The opinion of the court was delivered by: Fullam, Sr. J.
Plaintiffs sued their mortgage broker and lender after refinancing their home mortgage in November 2006. They alleged various improprieties in the loan-issuance process and in the loan itself, and I granted Defendants' motions for summary judgment on June 23, 2009. Plaintiffs have now moved for partial reconsideration with respect to the lender, Defendant Countrywide Home Loans, Inc. For the following reasons, Plaintiffs' motion will be denied.
In a one-sentence paragraph of their sur-reply brief opposing summary judgment, Plaintiffs asserted, without any explanation or analysis, "[s]eparately, the requirement of a marital co-signer is a per se ECOA [Equal Credit Opportunity Act] violation." Now, in seeking reconsideration, Plaintiffs assert that I "did not opine as to this argument." That observation is correct; I did not consider this spousal co-signer issue because Plaintiffs did not properly raise it. See United States v. Martin, 454 F. Supp.2d. 278, 281 n.3 (E.D. Pa. 2006) (Robreno, J.) ("A reply brief is intended only to provide an opportunity to respond to the arguments raised in the response brief; it is not intended as a forum to raise new issues.") (citations omitted). Because Plaintiffs failed to properly raise this issue, it is not a valid basis for seeking reconsideration.*fn1
As a second ground for reconsideration, Plaintiffs argue that Defendant Countrywide violated ECOA by failing to provide proper notice when it "denied" Mr. Siffel's first loan application. Plaintiffs' motion merely rehashes the arguments that I considered in holding that the undisputed facts show a counteroffer (not a denial) in this case. Plaintiffs' arguments remain unpersuasive; Mr. Siffel applied for a loan with particular terms on November 14, 2006; Countrywide responded with a loan that contained some different terms. That response constitutes a counteroffer, which the Siffels accepted. Unlike a denial, notice of a counteroffer need not take any particular form; thus, Plaintiffs received adequate ECOA notice.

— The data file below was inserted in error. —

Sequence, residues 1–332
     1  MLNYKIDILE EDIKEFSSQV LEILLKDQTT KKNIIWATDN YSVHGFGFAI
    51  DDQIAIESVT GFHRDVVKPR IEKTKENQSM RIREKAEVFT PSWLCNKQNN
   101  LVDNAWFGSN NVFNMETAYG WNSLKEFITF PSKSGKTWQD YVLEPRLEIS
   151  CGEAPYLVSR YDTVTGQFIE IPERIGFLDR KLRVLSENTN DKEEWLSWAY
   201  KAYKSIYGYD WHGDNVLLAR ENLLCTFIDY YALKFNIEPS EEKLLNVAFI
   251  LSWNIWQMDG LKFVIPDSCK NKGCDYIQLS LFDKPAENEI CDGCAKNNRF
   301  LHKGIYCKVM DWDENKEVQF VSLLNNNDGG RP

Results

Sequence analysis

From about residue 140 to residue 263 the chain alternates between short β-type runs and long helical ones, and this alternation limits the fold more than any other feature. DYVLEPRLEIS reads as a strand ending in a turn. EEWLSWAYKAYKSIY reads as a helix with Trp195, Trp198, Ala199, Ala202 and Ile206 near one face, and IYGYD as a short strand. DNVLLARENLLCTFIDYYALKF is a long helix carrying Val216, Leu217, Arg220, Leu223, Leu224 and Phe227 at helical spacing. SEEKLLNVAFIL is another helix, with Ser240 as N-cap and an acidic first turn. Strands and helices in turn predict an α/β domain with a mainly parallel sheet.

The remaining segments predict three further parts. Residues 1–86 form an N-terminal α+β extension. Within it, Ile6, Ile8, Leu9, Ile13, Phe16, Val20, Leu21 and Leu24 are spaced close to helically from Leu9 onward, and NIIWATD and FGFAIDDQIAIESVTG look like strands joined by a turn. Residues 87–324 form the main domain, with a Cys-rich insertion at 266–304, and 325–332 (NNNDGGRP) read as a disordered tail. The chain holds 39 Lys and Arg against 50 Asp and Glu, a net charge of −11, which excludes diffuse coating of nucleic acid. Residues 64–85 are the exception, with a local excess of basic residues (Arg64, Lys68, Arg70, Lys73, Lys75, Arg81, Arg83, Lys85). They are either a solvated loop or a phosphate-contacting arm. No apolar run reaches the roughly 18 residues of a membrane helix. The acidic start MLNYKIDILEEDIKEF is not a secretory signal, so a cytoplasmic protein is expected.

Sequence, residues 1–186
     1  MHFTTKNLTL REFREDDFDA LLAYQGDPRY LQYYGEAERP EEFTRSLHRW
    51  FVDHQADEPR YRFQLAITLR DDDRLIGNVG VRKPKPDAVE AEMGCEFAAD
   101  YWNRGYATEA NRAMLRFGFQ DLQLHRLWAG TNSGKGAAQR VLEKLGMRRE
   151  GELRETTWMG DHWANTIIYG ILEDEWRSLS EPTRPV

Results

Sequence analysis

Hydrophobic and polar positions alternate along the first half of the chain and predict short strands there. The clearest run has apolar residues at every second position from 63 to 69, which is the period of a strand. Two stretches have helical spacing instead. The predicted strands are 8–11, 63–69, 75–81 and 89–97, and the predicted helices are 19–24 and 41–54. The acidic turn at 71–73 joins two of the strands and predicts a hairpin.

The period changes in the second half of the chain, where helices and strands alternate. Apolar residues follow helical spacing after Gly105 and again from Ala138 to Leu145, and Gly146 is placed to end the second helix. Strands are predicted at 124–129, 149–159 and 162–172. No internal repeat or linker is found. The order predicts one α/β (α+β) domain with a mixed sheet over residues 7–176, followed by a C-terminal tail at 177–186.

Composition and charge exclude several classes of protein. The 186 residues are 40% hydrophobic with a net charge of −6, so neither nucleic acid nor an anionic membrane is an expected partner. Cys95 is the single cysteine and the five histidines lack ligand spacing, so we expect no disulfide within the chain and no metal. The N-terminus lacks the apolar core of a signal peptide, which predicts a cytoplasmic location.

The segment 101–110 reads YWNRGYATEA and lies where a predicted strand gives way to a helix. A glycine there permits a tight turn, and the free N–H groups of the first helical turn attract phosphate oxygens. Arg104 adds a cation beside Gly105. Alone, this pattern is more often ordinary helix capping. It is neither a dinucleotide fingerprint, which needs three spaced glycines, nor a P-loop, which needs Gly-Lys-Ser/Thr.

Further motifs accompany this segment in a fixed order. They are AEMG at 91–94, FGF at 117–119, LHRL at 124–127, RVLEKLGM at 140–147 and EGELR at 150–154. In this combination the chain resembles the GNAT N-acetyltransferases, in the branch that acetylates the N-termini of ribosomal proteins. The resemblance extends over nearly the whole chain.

In addition to the reasoning in my June 23rd Order, I note that Countrywide's summary judgment exhibits included a letter titled, "Notice of Action Taken With Counter-offer." This letter clearly explained that Countrywide would not approve Mr. Siffel's November 14th loan application, but it also proposed a loan with terms that were somewhat different than the ones that Mr. Siffel had initially requested. The letter is dated one day before Plaintiffs closed on that proposed loan, and Plaintiffs have never disputed receiving it, nor have they argued that its delivery was untimely.
Finally, Plaintiffs assert that there is a material issue of fact whether they each received two notices of their right to rescind the loan, as required by the Truth in Lending Act (TILA). Plaintiffs acknowledge that Countrywide has established a rebuttable presumption that it provided the requisite notices, but they argue that Countrywide's failure to submit four TILA forms creates an issue of fact. In their motion for reconsideration, Plaintiffs ask "what [they] must do to sufficiently rebut the presumption created by an acknowledgment of receipt . . . ." Simply put, to rebut that presumption, Plaintiffs must highlight some record evidence that would allow a finding that they received fewer than the necessary TILA notices.
By submitting a signed disclosure in which Plaintiffs acknowledged receipt of all necessary TILA forms, Countrywide has established a presumption of TILA compliance. That presumption shifts the burden of production to Plaintiffs, and they have not introduced any evidence in rebuttal. Plaintiffs' testimony does not suggest that Countrywide provided fewer than the requisite number of TILA disclosures, and Plaintiffs cannot rely on the allegations of their complaint or the arguments of their counsel as evidence. Without any record evidence to rebut the presumption of delivery, Plaintiffs' TILA claim fails.
An appropriate order will be entered.